New England is a kelpy wonderland. Along our local shores, we have rolling meadows of kelp full of crabs, lobsters and more. Kelp beds, kelp meadows, and kelp forests are also found in one quarter of the world’s coastal areas. They provide food for humans and fish alike, alter shorelines, and shape the temperate reefs around them. Unfortunately these big beautiful cold-water algae have started to respond to changes in water temperature and wave action. Dr. Byrnes will address why kelp is important and what changes may be in store for the future.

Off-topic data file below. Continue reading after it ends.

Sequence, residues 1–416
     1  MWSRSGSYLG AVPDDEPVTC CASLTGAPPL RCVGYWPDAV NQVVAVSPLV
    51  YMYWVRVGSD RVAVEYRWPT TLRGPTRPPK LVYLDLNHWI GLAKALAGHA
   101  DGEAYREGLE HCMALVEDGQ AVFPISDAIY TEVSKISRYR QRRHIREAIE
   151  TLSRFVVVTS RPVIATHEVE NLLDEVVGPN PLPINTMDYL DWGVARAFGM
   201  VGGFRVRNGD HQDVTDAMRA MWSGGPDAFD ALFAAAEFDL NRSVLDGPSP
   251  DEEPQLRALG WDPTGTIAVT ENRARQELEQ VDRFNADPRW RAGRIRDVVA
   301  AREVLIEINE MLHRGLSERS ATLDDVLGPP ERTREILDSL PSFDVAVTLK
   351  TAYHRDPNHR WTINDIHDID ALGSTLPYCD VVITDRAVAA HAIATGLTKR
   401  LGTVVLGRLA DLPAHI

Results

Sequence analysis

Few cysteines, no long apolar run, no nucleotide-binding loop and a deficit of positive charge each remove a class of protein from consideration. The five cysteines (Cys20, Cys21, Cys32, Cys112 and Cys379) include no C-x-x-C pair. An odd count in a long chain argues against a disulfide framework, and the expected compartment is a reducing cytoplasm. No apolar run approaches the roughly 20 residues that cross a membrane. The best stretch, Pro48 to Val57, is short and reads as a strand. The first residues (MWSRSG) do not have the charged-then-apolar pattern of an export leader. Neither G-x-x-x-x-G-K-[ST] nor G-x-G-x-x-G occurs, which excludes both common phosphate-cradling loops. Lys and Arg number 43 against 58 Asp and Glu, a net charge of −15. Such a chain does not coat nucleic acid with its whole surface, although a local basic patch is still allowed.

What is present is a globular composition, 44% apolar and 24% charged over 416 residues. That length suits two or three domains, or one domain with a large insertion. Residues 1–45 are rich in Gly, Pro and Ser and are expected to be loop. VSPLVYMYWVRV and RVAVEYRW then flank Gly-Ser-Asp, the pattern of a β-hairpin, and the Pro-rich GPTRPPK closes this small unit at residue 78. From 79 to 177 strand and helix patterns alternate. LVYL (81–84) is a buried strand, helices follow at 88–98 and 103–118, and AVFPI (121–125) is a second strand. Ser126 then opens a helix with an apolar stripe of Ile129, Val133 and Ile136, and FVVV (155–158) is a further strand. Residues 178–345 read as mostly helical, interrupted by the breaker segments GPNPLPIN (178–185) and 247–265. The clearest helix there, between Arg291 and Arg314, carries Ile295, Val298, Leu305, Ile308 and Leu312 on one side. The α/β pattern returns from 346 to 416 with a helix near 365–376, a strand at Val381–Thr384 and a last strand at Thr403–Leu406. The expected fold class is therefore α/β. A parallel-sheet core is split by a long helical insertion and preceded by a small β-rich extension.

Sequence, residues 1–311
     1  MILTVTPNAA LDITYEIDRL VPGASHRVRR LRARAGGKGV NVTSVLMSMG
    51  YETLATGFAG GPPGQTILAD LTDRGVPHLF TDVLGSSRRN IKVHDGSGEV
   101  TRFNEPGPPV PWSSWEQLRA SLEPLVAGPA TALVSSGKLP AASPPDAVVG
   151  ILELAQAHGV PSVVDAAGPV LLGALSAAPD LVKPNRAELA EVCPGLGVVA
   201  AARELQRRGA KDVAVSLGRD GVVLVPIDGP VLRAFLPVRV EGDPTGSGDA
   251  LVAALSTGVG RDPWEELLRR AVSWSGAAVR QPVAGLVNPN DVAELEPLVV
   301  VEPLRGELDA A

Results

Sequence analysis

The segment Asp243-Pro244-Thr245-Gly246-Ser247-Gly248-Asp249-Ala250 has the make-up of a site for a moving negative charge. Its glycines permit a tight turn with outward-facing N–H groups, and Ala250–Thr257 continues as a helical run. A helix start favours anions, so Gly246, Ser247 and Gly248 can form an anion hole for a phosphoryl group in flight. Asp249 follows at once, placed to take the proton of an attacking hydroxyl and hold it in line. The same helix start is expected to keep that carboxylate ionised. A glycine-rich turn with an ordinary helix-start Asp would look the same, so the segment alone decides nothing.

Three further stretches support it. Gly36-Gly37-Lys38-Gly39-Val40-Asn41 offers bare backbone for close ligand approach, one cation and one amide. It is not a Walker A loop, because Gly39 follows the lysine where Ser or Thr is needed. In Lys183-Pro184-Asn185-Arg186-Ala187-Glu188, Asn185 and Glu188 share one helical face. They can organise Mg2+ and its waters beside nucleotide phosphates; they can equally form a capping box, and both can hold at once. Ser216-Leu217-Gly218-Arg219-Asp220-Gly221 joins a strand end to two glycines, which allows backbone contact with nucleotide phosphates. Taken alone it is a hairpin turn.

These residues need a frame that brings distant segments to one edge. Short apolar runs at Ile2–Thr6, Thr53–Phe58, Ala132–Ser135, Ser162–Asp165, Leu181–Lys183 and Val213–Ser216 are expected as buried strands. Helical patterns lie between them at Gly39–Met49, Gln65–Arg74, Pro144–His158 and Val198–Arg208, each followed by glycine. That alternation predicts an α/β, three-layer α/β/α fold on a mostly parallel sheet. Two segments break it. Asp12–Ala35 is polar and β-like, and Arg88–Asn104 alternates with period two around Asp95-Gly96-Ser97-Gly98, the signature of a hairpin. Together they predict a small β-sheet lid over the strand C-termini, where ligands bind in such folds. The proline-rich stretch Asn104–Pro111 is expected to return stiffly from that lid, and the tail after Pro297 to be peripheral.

Dr. Jarrett Byrnes is an Assistant Professor of Biology at UMass Boston. His research focuses on the causes and consequences of the diversity of life in the oceans. He has a long history working underwater in New England, having started his career diving in New Hampshire’s Isles of Shoals as an undergraduate. He went on to complete a PhD at the University of California, Davis, in Population Biology, taking a detour to study the communities of organisms that foul boat hulls. He then worked in Santa Barbara, studying giant kelp forests and science crowd funding. He has been back in Boston for three years, and he has a growing research program studying the ecology of kelp beds in the Gulf of Maine.